Apple recently shared its 2019 Environmental Responsibility Report which details the progress the tech giant has made over the past year and alludes to what sustainable goals the company will be working towards in the years to come. The report release follows a string of electronic scrap related announcements that the company has made this year, including the announcement of a research lab tasked with studying new electronic recycling processes.
The new Austin, Texas-based 9,000-square-foot facility will “look for innovative solutions involving robotics and machine learning to improve on traditional methods like targeted disassembly, sorting and shredding.” Apple reports that the lab will work with Apple engineering teams as well as academia to address and propose solutions to today’s industry recycling challenges.
Apple SVP, Lisa Jack, comments, “At Apple, it’s simple. We apply the same level of innovation that goes into everything we create, design, power and manufacture to make things better for people and the planet. And we make it simple for customers and partners who share our passion to join us in this work. In a time where the threats facing our planet are too great to ignore, we are demonstrating that businesses must play a vital role. We are proud to do the hard work, to make the breakthrough, and a tirelessly search for ways to ensure a better future for our planet that we all deserve.”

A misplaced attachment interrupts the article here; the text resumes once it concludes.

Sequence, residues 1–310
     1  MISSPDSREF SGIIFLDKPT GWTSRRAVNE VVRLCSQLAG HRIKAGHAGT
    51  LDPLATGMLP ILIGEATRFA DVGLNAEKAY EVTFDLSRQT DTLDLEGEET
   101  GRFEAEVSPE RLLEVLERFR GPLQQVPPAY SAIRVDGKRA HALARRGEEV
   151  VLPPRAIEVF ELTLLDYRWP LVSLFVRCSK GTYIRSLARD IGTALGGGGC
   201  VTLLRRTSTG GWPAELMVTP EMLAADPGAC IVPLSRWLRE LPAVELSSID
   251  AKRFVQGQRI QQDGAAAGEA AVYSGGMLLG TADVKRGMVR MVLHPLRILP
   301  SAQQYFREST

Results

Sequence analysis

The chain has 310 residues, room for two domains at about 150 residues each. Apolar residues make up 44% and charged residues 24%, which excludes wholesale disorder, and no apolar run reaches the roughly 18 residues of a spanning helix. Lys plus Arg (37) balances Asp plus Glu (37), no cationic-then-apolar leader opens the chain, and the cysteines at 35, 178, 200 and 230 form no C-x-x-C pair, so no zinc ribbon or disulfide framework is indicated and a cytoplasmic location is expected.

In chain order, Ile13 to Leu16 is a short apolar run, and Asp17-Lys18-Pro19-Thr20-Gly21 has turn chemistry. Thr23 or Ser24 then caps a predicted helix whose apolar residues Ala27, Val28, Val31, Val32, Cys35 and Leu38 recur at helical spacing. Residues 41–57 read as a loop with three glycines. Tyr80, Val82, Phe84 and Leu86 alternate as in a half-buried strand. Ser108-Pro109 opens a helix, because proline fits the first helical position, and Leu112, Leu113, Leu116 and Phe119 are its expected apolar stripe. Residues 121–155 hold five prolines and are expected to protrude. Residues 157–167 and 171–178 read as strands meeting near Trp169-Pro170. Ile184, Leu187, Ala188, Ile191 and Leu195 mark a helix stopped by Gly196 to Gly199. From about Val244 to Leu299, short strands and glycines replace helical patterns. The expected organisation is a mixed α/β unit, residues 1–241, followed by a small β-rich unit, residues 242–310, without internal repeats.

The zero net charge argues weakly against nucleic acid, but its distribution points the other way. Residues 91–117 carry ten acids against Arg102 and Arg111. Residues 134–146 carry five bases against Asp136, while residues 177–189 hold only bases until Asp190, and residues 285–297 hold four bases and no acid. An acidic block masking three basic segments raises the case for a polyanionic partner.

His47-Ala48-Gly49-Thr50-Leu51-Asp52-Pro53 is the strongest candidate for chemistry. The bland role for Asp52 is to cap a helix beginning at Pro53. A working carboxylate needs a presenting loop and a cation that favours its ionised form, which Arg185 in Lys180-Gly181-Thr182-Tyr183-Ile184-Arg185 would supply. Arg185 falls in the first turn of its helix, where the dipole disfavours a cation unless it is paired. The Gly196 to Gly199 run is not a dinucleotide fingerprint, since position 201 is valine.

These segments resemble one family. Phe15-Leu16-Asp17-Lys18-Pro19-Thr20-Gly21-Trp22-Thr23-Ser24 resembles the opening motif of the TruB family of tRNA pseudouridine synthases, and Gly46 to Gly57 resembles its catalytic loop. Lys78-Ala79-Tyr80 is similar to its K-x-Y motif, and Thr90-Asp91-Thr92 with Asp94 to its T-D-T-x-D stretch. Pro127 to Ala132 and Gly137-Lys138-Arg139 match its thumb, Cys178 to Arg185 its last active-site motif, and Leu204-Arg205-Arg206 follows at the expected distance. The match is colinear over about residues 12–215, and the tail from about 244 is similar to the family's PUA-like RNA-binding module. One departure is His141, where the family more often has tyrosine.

Additionally, the company said that the last year it further developed its iPhone recycling robot, called Daisy, by giving it the ability to process six additionally iPhone models. The robot can now disassemble 15 iPhone models, and it can process 200 devices per hour. Apple says this equates to each robot processing 1.2 million devices per year.
Other recycling takeaways from the report include:
- Apple recycled more than 52,000 short tons of e-scrap in 2018 and refurbished 7.8 million devices.
- The company began using recycled cobalt sourced from iPhone batteries that were removed by Daisy.
- The company introduced 82 product components that together used an average of 38 percent recycled plastic.
- Daisy recovers small iPhone components that contain rare earth elements.